I have developed a crazy theory. It's guaranteed to be at least partly wrong, but there might be an element of truth somewhere in it.
The theory is that the settling of North America ruined The Landscape as an artistic subject. From the point of view of Western European Art and its derivatives.
In the 19th century, and probably before, we have painters painting landscapes. Sometimes with people and buildings, the "hand of man", and sometimes not. These painters were after something about the sublime, about beauty, about the hand of God in nature. Some of them did a darn good job. These paintings required a bit of effort, since all these guys were working in Europe, basically. Since I've already restricted us to Western European Art and its derivative, I get this for free.
Europe is not exactly awash is pristine landscapes. There's plenty of rural scenery, but there are people and so on all over it. There's a lot of farms and towns and cities, and people who build stuff have been rattling around there building stuff for thousands of years.
Now we get to America, and start painting pictures and taking photographs. America is awash in landscapes, in the sublime. The hand of God in nature is available in million square mile lots. You want a sunset over the ocean, with attractive rugged forefround? Sure! We got 3000 miles of that on the Pacific coast! Mountains? What kind? We got big ones and small ones, we got snow-capped and green, we got old ones, we got new ones. We got mountains. Picturesque mountain valleys? Heck yeah! You want one with a log cabin, or not? We got like 1000 with and 2000 without. Vast expanses of grassland? Did you want a sunrise over the ocean instead of a sunset? No problem, other coast, 3000 miles. You want rocks, trees, or sand in the foreground? What about fjords? Islands? Yup.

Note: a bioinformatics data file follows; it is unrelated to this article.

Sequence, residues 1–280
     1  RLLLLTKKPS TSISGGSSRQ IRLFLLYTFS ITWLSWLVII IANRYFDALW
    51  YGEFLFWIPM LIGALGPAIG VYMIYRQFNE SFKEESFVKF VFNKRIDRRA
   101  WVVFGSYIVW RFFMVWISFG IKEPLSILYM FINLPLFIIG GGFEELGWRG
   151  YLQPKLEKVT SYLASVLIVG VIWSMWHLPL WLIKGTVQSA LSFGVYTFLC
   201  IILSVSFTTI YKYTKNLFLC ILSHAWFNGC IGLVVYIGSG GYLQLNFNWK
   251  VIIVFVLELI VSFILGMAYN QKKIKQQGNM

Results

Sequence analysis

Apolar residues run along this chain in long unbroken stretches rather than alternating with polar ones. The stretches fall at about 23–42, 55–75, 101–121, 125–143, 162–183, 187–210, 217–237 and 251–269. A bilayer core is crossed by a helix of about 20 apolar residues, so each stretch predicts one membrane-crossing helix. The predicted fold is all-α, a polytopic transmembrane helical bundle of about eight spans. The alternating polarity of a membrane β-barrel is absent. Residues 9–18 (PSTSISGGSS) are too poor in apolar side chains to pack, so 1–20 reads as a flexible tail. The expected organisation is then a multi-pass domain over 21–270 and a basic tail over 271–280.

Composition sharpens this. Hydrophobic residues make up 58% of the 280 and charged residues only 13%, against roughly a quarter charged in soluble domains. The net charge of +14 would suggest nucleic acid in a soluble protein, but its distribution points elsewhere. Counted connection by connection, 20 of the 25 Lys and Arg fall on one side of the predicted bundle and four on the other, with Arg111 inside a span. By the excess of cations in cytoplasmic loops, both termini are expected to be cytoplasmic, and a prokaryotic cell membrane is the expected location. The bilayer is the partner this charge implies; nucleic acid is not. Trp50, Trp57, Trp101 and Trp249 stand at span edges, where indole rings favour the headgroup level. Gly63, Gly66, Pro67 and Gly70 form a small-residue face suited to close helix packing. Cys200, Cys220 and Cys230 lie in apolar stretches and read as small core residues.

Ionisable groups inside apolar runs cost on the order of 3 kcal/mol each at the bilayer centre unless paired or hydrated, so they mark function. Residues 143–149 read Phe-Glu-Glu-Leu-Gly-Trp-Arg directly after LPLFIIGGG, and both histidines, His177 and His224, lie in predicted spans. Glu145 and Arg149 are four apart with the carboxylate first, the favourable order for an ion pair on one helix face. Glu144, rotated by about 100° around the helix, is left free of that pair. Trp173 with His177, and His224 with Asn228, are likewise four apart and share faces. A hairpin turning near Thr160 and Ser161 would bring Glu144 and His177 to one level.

Now we've got a 100 million pretty decent landscapes on flickr and 500px and instagram.
Now when you see most landscapes you barely see the picture at all. You see the cloud of similar pictures you've seen in the past. You relate to this picture largely in terms of how it resembles and differs from those pictures. The sublime, the beautiful, the hand of God in nature, that's all pretty much lost. It's another one of those pictures.
You can argue that Ansel Adams and f/64 started closing the book on the subject, and Galen Rowell and his acolytes came along and slammed it shut. And nailed it shut, encased it in cement, and bricked that up in an alcove in the basement.
There's probably more to it than just America, but I feel like that's a piece of it.